Dietary supplementation with highly purified eicosapentaenoic acid and docosahexaenoic acid does not influence PAI-1 activity.Thromb Res 2000; 98(2):123-32TR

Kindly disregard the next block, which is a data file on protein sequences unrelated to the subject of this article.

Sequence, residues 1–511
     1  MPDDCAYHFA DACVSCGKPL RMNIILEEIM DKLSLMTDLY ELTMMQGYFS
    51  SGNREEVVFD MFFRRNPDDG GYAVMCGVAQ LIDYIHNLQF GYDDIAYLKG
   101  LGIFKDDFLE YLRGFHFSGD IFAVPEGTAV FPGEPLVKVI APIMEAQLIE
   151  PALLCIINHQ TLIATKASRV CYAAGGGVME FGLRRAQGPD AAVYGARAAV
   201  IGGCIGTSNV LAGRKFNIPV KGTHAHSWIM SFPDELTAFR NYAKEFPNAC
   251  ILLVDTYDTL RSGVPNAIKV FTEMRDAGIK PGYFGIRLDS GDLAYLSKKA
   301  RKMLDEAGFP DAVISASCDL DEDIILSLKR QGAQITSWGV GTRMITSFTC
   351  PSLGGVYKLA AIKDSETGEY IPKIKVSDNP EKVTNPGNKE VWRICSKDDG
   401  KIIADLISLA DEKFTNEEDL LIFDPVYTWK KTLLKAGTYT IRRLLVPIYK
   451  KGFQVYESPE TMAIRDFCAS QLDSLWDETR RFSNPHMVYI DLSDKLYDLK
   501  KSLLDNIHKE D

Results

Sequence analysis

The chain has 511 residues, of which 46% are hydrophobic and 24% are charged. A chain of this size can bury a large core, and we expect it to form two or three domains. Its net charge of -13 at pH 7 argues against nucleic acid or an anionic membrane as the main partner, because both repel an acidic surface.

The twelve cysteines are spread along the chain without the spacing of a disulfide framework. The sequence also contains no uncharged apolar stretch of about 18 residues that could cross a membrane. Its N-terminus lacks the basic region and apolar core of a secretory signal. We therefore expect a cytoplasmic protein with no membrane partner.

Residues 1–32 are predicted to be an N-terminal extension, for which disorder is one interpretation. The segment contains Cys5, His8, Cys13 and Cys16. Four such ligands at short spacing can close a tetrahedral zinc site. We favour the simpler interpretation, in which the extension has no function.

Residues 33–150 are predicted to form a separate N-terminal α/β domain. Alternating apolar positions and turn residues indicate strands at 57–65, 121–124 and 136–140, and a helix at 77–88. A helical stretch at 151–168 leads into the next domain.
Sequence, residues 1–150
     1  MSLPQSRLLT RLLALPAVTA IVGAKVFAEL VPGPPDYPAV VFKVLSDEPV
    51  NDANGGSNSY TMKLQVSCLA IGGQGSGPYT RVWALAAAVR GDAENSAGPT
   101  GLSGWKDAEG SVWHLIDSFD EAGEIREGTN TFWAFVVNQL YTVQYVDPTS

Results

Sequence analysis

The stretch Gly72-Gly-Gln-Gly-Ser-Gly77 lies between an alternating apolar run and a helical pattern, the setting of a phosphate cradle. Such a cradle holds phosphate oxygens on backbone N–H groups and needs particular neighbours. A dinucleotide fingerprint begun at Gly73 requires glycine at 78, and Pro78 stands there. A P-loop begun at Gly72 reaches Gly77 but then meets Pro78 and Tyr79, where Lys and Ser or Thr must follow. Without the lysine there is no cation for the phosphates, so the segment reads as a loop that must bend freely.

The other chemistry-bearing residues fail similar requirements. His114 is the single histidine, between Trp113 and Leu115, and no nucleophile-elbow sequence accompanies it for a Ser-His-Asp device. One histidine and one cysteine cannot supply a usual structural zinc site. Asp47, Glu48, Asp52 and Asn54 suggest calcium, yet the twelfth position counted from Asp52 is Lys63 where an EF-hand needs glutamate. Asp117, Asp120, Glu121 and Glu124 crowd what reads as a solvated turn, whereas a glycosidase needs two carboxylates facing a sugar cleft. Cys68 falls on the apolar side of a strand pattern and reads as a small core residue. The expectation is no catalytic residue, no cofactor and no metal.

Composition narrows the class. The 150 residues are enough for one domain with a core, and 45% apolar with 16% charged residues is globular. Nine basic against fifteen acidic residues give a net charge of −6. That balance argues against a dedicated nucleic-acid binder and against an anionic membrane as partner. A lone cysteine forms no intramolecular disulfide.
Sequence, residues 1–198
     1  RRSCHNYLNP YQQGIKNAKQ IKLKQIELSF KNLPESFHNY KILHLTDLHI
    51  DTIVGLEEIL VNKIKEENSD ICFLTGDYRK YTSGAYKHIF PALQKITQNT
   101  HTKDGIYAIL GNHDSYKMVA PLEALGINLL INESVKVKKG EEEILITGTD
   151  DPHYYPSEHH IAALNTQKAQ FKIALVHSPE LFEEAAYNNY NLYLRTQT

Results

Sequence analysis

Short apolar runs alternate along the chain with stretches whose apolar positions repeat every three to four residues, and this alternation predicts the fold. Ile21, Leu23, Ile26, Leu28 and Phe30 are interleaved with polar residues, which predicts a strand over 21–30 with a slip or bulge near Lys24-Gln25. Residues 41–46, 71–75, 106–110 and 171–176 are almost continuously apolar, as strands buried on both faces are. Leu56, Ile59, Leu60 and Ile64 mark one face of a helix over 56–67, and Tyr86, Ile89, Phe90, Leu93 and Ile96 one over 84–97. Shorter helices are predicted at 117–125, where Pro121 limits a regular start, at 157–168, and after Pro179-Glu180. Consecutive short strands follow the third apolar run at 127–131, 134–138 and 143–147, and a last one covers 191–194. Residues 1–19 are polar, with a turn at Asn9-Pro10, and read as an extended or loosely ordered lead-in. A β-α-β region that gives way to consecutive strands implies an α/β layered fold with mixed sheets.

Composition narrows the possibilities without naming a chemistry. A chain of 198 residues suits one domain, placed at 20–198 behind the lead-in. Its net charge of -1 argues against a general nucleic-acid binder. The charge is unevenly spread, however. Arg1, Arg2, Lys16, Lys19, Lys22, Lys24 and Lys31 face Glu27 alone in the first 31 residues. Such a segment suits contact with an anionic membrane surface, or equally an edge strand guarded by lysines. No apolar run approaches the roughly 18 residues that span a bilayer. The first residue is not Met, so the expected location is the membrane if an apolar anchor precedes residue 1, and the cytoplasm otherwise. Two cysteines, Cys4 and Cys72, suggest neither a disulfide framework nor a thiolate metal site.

Impaired fibrinolysis due to elevated levels of plasminogen activator inhibitor type 1 (PAI-1) is a risk factor for atherothrombotic disease. Many studies have reported a positive correlation between serum triglycerides and PAI-1 activity. Dietary intervention with very long n-3 fatty acids from marine sources is known to decrease serum triglycerides, but an adverse increase in PAI-1 activity has been reported in some studies. A double blind, placebo controlled study was conducted among 224 middle-aged (ages 36-56), healthy, non-smoking men in which the participants were randomly assigned to daily supplementation with 3.8 g eicosapentaenoic acid/d, 3.6 g docosahexaenoic acid/d, or 4.0 g corn oil/d (placebo) for 7 weeks. PAI-1 activity increased by 2.35+/-6.24 U/ml (28%), 1.15+/-6.74 U/ml (14%), and 1.33+/-5.64 U/ml (22%) during dietary supplementation with eicosapentaenoic acid, docosahexaenoic acid, and corn oil, respectively, but the changes were not significantly different between groups. There was no relationship between change in concentrations of serum triglycerides or phospholipid n-3 fatty acids and change in PAI-1 activity. At baseline, analysis was performed to investigate the influence of dietary lipids, blood lipids, and serum fatty acids on plasma concentrations of PAI-1 activity. Dietary intake of saturated fat correlated directly with PAI-1 both in crude analysis and after adjustment for age and body mass index (kg/m(2)). Furthermore, PAI-1 was associated with body mass index, apo-B100, serum triglycerides, and the concentration of n-6 polyunsaturated fatty acids in serum. In a multiple regression analysis, 21% of the variation in PAI-1 activity could be explained by these variables. Plasma PAI-1 activity did not correlate with dietary intake or serum concentrations of n-3 polyunsaturated fatty acids. In a review of 17 trials, including 935 subjects that assessed the effect of n-3 fatty acids on PAI-1 activity, an overall 17.7% increase in PAI-1 activity was estimated by n-3 supplementation. However, only two studies were able to demonstrate a significant increase in PAI-1 attributable to n-3 fatty acid supplementation. We conclude that there is no strong evidence for an unfavourable, clinically relevant effect of n-3 fatty acids on PAI-1 activity in plasma.